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third ear

At home with Benjamin Britten

Benjamin Britten at the piano in Aldeburgh, England.

Deutsch Collection/CORBIS

Benjamin Britten at the piano in Aldeburgh, England.

ALDEBURGH, England – The rugged, pebbly beach in this small coastal town looks out onto the limitless expanse of the North Sea. On a recent evening at dusk, the light was flat, the sky low and vast, the air made thick by a mist blowing in from the shore.

A composer’s art of course cannot be reduced to the landscapes that first held his gaze or nurtured his imagination, but neither can the meaning of such vistas be easily dismissed. Especially here. In the austere and solitary beauty of this Suffolk coastline, there is something essential about the music of Benjamin Britten.

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It may at first seem strange to search for the spirit of an international composer in a place as remote as Aldeburgh, particularly in the composer’s current centennial year, when more than 2,000 performances of his music are taking place across the globe. Among them will be Britten’s “Curlew River,” presented next month in Lenox in a Tanglewood Music Center production directed by Mark Morris, and the composer’s monumental “War Requiem” performed by the Boston Symphony Orchestra this fall.

But Britten was born just 30 miles away, and he lived and worked in Suffolk for almost his entire lifetime. He walked on this beach, swam daily in this sea, carried home its herring for breakfast. He wrote much of his music to be performed in the festival he cofounded here in 1948. He is buried in a simple grave in the local churchyard.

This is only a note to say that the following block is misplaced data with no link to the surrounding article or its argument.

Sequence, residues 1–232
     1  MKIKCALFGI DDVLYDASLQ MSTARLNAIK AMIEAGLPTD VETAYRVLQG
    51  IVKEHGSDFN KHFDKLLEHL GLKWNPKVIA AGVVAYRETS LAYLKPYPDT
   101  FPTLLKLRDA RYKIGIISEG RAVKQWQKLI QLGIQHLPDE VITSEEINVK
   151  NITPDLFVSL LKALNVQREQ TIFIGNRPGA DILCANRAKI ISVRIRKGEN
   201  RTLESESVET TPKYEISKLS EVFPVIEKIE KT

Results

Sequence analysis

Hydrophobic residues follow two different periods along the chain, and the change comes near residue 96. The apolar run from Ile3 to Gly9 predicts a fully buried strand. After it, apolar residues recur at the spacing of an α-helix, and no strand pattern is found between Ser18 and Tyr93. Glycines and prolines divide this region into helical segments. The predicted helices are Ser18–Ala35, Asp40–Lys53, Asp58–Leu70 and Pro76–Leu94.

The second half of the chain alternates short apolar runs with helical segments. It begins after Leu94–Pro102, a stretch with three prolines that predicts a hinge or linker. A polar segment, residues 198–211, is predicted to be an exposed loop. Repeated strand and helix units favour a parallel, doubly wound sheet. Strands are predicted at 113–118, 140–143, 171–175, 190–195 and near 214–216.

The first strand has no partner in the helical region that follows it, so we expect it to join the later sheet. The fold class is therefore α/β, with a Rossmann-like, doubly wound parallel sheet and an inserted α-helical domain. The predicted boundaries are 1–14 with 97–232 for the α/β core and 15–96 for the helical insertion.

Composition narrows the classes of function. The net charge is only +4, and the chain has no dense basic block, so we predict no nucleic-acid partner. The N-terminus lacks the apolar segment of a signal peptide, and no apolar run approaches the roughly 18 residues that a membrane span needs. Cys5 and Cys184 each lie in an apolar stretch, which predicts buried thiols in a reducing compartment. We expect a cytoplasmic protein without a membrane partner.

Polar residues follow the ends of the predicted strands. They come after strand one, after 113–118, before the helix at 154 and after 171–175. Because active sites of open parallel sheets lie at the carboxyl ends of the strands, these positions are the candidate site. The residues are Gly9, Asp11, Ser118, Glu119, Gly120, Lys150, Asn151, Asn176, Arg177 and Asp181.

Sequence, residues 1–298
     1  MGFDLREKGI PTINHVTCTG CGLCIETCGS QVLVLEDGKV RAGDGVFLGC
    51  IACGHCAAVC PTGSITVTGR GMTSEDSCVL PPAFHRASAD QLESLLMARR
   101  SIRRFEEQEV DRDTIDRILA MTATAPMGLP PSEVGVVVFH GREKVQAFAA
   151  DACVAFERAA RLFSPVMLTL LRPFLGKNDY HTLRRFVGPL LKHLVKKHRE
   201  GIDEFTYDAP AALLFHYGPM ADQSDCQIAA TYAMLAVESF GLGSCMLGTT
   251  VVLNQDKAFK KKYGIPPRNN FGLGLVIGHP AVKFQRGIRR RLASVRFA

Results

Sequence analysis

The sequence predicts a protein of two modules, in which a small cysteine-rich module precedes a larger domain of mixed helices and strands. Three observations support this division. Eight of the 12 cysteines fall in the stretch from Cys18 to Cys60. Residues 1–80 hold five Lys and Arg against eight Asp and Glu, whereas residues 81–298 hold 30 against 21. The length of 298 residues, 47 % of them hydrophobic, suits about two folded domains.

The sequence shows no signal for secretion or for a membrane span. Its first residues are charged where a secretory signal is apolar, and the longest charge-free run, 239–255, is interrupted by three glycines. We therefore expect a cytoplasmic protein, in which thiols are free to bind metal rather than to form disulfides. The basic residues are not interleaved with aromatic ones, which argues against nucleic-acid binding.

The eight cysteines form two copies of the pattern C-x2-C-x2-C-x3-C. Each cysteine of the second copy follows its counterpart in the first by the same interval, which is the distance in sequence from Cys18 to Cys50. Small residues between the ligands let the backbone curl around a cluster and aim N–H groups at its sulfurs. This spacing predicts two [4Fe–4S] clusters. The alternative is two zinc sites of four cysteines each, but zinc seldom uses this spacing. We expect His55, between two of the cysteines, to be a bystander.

Britten believed in the idea of roots; not in the ways that the 19th-century Romantic nationalists once did, but in the sense of creating art informed by a felt contact with the particulars of place and community. In a century where so many composers’ lives and careers were riven by war, revolution, and exile, Britten had the distinct privilege of staying put. And he used it to maximum advantage.

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Verdi and Wagner are also enjoying big round-numbered anniversaries this year, but their stature is secure. Britten, who died in 1976 at age 63, stands to gain more from the centennial attention, and from the process of sifting through his enormous output. Best known for his operas, he nonetheless created works in a remarkable range of genres: chamber music, orchestral scores, piercing song cycles and choral works. He wrote not just for professionals but also for children. As a pianist and conductor, he understood the visceral joys of performance. He once invented a percussion instrument from mugs slung on a string. In an era when avant-gardists turned their back on the idea of the audience, he had the temerity to speak of wanting his music “to be of use to people, to please them, to ‘enhance their lives.’”